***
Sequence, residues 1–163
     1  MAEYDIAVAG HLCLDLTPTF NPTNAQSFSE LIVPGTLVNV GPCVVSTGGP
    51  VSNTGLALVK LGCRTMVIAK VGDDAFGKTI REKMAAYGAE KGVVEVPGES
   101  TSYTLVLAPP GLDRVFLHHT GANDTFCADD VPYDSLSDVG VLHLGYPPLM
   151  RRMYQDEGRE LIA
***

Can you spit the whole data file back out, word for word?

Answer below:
Sequence, residues 1–163
     1  MAEYDIAVAG HLCLDLTPTF NPTNAQSFSE LIVPGTLVNV GPCVVSTGGP
    51  VSNTGLALVK LGCRTMVIAK VGDDAFGKTI REKMAAYGAE KGVVEVPGES
   101  TSYTLVLAPP GLDRVFLHHT GANDTFCADD VPYDSLSDVG VLHLGYPPLM
   151  RRMYQDEGRE LIA